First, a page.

Greenland is tricky to access, to put it mildly. Still, we spoiled-for-unique-adventure tourists love the idea of visiting those hard to get to authentic sites. We’re told that the weather is only suitable for ships for one or two weeks a year (end of July, first of August) during the White Nights. Qaqortoq has no air strip, not even a dock; Nuuk apparently has an air strip, and those in need of medical care are taken to Nuuk (presumably by boat). A passenger is rumored to have been evacuated yesterday.
Today, we approached Narsaq through the fog, with gorgeous icebergs all around, some the size of a house; recall that most of the iceberg is underwater and not visible. I tried to take a picture, and maybe we can add one later. The captain and the Narsaq harbormaster thought it unsafe to travel the last four miles to Narsaq, so we hung off-shore for a couple hours, until the weather threatened to get worse. Now we are having another sea day, as we will tomorrow–although tomorrow includes travel through a Greenland fjord. Two more sea days follow that before Reykjavik. Bob tells me that the passengers are joking about a mutiny to replace one of the sea days with another day in Reykjavik. Fat chance! Ship rules are NOT democratic.
The change of plans in itinerary is accompanied by massive changes in tours. Nine excursions in Narsaq were planned last minute, and then canceled, as had the 20 excursions which moved from Friday to Wednesday in Qaqortoq. I can’t even imagine!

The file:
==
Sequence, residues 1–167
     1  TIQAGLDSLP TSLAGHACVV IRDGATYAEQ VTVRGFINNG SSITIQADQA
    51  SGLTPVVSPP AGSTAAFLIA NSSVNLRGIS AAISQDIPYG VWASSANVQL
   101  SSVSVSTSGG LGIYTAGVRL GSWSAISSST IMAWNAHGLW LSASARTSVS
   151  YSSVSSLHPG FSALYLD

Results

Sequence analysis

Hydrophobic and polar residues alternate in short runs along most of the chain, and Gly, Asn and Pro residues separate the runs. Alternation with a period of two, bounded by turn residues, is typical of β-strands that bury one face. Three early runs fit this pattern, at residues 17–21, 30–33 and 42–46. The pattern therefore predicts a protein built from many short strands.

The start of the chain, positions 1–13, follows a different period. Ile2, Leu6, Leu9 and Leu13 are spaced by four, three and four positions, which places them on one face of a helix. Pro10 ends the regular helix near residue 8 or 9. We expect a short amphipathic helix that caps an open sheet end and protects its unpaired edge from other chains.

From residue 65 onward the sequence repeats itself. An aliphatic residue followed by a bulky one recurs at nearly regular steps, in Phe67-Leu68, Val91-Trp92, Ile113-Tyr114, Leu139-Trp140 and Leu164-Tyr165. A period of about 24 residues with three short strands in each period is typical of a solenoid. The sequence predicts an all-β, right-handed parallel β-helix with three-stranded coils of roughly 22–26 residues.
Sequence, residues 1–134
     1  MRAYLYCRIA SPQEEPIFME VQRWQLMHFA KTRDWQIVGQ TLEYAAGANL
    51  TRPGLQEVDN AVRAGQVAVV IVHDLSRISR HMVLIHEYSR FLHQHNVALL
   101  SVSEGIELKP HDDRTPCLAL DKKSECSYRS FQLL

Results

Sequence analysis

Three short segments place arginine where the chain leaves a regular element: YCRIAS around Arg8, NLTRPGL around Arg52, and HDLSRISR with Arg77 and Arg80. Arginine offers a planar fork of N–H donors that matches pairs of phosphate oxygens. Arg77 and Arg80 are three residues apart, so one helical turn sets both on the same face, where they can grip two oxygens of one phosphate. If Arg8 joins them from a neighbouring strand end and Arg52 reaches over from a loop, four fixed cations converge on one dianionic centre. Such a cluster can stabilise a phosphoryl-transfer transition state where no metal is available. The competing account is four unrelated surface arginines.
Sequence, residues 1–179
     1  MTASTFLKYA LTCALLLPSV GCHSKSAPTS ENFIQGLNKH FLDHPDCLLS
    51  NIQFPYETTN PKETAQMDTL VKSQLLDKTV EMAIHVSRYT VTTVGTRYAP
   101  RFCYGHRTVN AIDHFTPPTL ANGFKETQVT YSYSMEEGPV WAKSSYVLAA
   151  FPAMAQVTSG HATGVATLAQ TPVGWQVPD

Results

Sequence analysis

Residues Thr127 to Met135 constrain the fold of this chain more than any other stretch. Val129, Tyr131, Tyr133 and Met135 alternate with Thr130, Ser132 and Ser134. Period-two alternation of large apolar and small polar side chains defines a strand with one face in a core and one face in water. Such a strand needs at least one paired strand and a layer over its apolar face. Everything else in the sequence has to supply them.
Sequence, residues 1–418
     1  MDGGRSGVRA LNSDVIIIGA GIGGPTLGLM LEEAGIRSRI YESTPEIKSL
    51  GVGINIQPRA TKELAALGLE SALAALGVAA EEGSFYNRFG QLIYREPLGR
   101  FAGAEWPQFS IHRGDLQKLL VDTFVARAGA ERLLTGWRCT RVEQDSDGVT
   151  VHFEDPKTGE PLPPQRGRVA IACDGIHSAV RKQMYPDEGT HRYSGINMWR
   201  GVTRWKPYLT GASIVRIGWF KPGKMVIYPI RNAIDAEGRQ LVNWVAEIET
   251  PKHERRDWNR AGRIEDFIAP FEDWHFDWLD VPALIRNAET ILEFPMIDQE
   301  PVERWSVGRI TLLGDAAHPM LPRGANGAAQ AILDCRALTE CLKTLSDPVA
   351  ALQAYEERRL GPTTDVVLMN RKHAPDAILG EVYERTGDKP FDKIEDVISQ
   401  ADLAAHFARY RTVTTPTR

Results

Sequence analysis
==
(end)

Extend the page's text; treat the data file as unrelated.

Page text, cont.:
On the medical front, I continue to be fine–sound like a fog horn, but that is beginning to subside as well. The medical center checks on me twice daily; I have been offered everything from Paxlovid to cough drops. I have turned all down; my COVID is not serious enough for Paxlovid and the cost is prohibitive (remember no Medicare). Whatever food I wish, from any of the ship restaurants, is brought to me. Bob continues to test negative, and he is having a wonderful time chatting. Already, we will have to negotiate nearly $2000 worth of ship care with our insurance company, to say nothing of the care provided in St. John. Paperwork awaits us. Get good insurance, fellow travelers!And to our friends in PA..enjoy the heat wave. It’s cold (43?) and dry here….
2 thoughts on “Itinerary Change #2: Bad weather in Narsaq”
I’m getting confused between blog pieces emailed to me , ones actually on the blog, etc, etc. I did discover who the man and woman with the sweater were. You are both literally and figuratively in UNCHARTED WATERS!!!! So sorry about all the Covid stuff and the bad weather.” JAD
I only barely understand the blog myself. No idea how to reduce the volume of email. WordPress has its own thoughts about all of this. Glad you figured out the Inuit couple…did you notice that I am consistently misspelling stuff? Too much work to change! At least the sun was shining for a few minutes just now.